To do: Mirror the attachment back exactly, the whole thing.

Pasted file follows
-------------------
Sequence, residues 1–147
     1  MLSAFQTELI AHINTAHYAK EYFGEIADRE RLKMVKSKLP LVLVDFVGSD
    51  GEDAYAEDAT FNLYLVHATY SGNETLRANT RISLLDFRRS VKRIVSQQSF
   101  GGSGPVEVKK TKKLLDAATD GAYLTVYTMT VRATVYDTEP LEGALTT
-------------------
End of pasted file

Sequence, residues 1–147
     1  MLSAFQTELI AHINTAHYAK EYFGEIADRE RLKMVKSKLP LVLVDFVGSD
    51  GEDAYAEDAT FNLYLVHATY SGNETLRANT RISLLDFRRS VKRIVSQQSF
   101  GGSGPVEVKK TKKLLDAATD GAYLTVYTMT VRATVYDTEP LEGALTT